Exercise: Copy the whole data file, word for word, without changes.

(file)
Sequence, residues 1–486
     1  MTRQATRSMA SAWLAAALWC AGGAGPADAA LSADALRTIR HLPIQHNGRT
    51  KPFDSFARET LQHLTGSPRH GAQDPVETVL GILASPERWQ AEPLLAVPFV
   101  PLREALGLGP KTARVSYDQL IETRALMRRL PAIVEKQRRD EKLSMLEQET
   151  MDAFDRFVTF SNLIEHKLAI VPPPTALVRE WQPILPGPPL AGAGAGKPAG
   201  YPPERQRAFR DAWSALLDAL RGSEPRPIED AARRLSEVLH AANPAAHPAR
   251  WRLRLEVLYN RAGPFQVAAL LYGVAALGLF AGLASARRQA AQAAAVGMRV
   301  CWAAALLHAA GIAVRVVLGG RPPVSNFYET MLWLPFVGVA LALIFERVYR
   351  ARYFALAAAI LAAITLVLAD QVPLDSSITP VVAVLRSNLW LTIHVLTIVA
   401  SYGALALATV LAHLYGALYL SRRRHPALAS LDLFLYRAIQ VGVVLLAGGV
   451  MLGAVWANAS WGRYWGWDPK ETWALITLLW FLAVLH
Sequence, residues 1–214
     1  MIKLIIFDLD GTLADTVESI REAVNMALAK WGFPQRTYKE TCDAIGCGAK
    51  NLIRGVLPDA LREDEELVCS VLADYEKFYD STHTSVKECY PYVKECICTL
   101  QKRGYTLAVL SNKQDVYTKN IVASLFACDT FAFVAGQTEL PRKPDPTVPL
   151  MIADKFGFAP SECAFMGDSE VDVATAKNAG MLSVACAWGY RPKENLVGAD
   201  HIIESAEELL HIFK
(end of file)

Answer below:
Sequence, residues 1–486
     1  MTRQATRSMA SAWLAAALWC AGGAGPADAA LSADALRTIR HLPIQHNGRT
    51  KPFDSFARET LQHLTGSPRH GAQDPVETVL GILASPERWQ AEPLLAVPFV
   101  PLREALGLGP KTARVSYDQL IETRALMRRL PAIVEKQRRD EKLSMLEQET
   151  MDAFDRFVTF SNLIEHKLAI VPPPTALVRE WQPILPGPPL AGAGAGKPAG
   201  YPPERQRAFR DAWSALLDAL RGSEPRPIED AARRLSEVLH AANPAAHPAR
   251  WRLRLEVLYN RAGPFQVAAL LYGVAALGLF AGLASARRQA AQAAAVGMRV
   301  CWAAALLHAA GIAVRVVLGG RPPVSNFYET MLWLPFVGVA LALIFERVYR
   351  ARYFALAAAI LAAITLVLAD QVPLDSSITP VVAVLRSNLW LTIHVLTIVA
   401  SYGALALATV LAHLYGALYL SRRRHPALAS LDLFLYRAIQ VGVVLLAGGV
   451  MLGAVWANAS WGRYWGWDPK ETWALITLLW FLAVLH
Sequence, residues 1–214
     1  MIKLIIFDLD GTLADTVESI REAVNMALAK WGFPQRTYKE TCDAIGCGAK
    51  NLIRGVLPDA LREDEELVCS VLADYEKFYD STHTSVKECY PYVKECICTL
   101  QKRGYTLAVL SNKQDVYTKN IVASLFACDT FAFVAGQTEL PRKPDPTVPL
   151  MIADKFGFAP SECAFMGDSE VDVATAKNAG MLSVACAWGY RPKENLVGAD
   201  HIIESAEELL HIFK